What, you don’t believe me? Just ask them. They’ll back me up on it, fo’ sho’!

  3. They are hoping to be the current and modified vesion of Linda Binder and Slade Mead.

  4. The problem people have with Gould is that he doesn’t want anything except to not vote yes on the budget that includes a provision for voting on a tax increase. That makes Gould ineligible for the kind of horse-trading and log-rolling that usually occurs to get votes. I’m sure every yes vote got something in return: a pet project, a promise of a leadership position, who knows. Carolyn Allen already got her medical malpractice bill, so maybe that’s why she’ a holdout as well. And maybe Gorman asked for something no one can give her.

  5. Maricopa PC says

    The conservatives like Jack Harper got concessions that shrunk government. Wolfy, your comment makes it sound like the concession is usually something that costs the taxpayers or benefits the lawmaker. Often it can be something that benefits the taxpayers. I haven’t heard of any concessions asked for by Gorman, nor has she stated any wishes. She mouths the same reasons as Gould and has stubbornly locked herself into her current position with such force that she thinks changing her mind will make her look bad.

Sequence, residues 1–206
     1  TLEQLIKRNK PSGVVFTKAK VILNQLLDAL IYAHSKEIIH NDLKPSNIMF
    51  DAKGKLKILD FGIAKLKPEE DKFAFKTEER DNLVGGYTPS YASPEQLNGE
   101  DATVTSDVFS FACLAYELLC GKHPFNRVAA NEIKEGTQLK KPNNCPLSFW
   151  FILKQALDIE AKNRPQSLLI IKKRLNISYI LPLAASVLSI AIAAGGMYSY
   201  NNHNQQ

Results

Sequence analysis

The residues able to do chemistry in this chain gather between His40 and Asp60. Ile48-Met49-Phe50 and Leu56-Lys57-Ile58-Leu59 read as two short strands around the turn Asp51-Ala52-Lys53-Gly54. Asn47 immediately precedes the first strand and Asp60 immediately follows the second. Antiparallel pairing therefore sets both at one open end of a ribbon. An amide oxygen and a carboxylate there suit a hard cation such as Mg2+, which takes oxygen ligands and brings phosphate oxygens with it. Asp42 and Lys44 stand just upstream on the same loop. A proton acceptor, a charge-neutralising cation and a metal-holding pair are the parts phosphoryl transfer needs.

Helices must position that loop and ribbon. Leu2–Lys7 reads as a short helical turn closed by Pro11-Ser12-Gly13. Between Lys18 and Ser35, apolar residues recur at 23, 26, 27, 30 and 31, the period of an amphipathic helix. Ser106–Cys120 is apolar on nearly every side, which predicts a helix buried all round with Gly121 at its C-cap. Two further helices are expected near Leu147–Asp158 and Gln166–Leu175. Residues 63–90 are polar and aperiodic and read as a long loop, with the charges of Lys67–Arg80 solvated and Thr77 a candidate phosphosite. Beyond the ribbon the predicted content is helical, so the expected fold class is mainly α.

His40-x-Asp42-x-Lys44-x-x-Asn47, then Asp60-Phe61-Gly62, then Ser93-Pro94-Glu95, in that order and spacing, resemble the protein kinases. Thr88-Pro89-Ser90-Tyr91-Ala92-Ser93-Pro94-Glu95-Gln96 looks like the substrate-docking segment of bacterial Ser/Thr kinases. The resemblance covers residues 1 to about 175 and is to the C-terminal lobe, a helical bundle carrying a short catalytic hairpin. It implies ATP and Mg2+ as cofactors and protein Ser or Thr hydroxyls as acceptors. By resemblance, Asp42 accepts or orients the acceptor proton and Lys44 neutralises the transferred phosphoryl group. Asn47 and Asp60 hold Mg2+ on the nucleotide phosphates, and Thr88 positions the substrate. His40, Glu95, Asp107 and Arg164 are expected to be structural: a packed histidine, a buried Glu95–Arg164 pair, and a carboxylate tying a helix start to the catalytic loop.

The new plan appears to be to break the sales tax referral into one piece and the tax cuts into a second piece. Allen can vote for one while Gorman votes for the rest. Its a crock, because they both know that they are doing what needs to be done to get it all passed, and they’re both willing to be a part of it. They just want to be seen as being “pure” to their cause. Do they really think we can’t see through that?